February and March Mini Book Reviews

I’m a few books behind to reach my overall goal of 60 books for 2022. I blame getting slowed down by books that felt like a chore to read. I’m hoping to get out of a rut in spring.

Seven Days in June by Tia Williams book cover

Seven Days in June by Tia Williams

Wow! Leonor recommended this in her newsletter and she didn’t let me down. Eva and Shane are at the center of this teen lovers reunited romance. As teens they were both misfits, but as adults they are successful literary fiction and fantasy/romance writers. While there are really heavy themes and topics (self-harm, addiction, generational trauma to name a few), Williams handles these with sensitivity, wit and humor. I also liked how she also poked fun at literary genres and divisions in publishing.

The Guest List by Lucy Foley book cover

The Guest List by Lucy Foley

I was hooked on this thriller/mystery from the beginning. I was reminded a bit of Liane Moriarty’s Big Little Lies. Both books start with a dramatic murder at an event, but the victim isn’t clear. The timeline shifts to a few days before and multiple narrators share their perspectives. I liked the kinda supernatural elements (real or imagined) on the remote island, pacing and satisfying ending. I read some of the book, but mostly read via audiobook.

Midnight in Mexico by Alfredo Corchado book cover

Midnight in Mexico: A Reporter’s Journey Through a Country’s Descent Into Darkness by Alfredo Corchado

This book reminded me why I gravitate toward narrative non-fiction. Midnight in Mexico is part memoir, part history of the drug war in Mexico. Although he is a reporter, he becomes a character in his own story when a US investigator tells him there’s a contract on a US journalist and Corchado is on the short list of possible journalists. That wasn’t even the first time his life was threatened. Recommend this if you want to learn more about recent Mexican history and enjoy memoirs mixed with narrative non-fiction.

Book cover for L.A. Weather by Maria Amparo Escandon

L.A. Weather by María Amparo Escandón

I saw a description of this book as “fun and fast-paced.” Um, no. I was stressed from the very beginning when Escandón matter-of-factly describes how two three-year-olds fall into a backyard pool while under the care of their grandmother. Throughout the book, which is set over a year, we get to know the rest of the wealthy Alvarado family, Oscar, Keila, and their three daughters who are professionally successful and in seemingly stable relationships. The pacing is a bit slow and overall the book left me feeling stressed and uneasy. That said, reading this made me want to go back to and re-read Escandón’s previous novels which I liked at the time: Esperanza’s Box of Saints and Gonzalez & Daughter Trucking Co.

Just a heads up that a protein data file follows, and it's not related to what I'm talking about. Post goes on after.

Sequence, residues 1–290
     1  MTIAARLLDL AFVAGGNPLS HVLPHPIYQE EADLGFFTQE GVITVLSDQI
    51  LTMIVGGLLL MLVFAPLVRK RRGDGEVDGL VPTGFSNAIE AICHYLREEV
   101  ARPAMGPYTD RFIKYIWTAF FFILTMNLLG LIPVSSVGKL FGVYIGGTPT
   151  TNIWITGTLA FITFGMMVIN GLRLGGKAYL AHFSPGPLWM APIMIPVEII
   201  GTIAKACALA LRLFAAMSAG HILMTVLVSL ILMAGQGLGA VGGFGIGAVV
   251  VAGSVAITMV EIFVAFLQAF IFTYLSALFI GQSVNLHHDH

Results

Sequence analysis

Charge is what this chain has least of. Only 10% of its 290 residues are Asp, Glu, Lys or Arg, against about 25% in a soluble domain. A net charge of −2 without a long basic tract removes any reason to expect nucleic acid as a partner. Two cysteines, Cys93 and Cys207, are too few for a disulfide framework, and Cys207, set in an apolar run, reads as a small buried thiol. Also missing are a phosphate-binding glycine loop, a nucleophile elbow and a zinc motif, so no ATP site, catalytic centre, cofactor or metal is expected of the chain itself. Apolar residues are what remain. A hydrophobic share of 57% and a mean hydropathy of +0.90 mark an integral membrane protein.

Loving Pedro Infante by Denise Chavez book cover

Loving Pedro Infante by Denise Chávez

It took me a while to read this and found myself getting bored and forgetting plot points. Ultimately, I found it okay. Tere is a single woman who lives with her mom in a town near El Paso. Her social life revolves around a Pedro Infante fan club, her best friend, and an ill-advised relationship with a married man. She’s messy and she knows it. I may have liked this more if I knew Mexican Cine de Oro better or was a Pedro Infante fan myself. Tere frequently recounts major plot points and analysis from Infante’s films and those sections were distracting without really advancing the story.

Song of the Shang by Jeffery Renard Allen book cover

Song of the Shank by Jeffery Renard Allen

When I first heard about this novel several years ago, I was intrigued. Allen tells the story of Thomas Green Wiggins, an enslaved man born in the nineteenth-century with prodigious musical skills. Once I started the nearly 600-page novel, I found it difficult to follow and the pace frustratingly slow. Allen writes from multiple perspectives from Tom’s parents to guardians and those profiting off his skills in a fictionalized US (which was weird, because Tom actually lived). If I had not listened to the audiobook, I probably would have abandoned the book. 


Can’t Let Go

I listen to several daily news podcasts in an effort to keep up with everything going on. One of those is the NPR Politics podcast. The hosts sign off with something they can’t let go of, which is usually a pop culture or human interest story from that week.

So, what can’t I let go of? Well, my Wordle streak.

I started playing in early January and quickly got hooked. After a couple of days I switched from playing on my work laptop to my phone. Like many others, I played religiously. Sometimes I’d share my score on Twitter or instagram. Almost daily I’d share it with Sean in a friendly competition.

I also started playing more games inspired by the original Wordle. So that a daily habit of a few minutes got much longer. This is my current list:

  • Nerdle – you have to figure out the math equation
  • Worldle – guess a country by its shape
  • Quordle – guess 4 words in 9 tries
  • Octordle – guess 8 words in 13 tries
  • Antiwordle – avoid guessing the word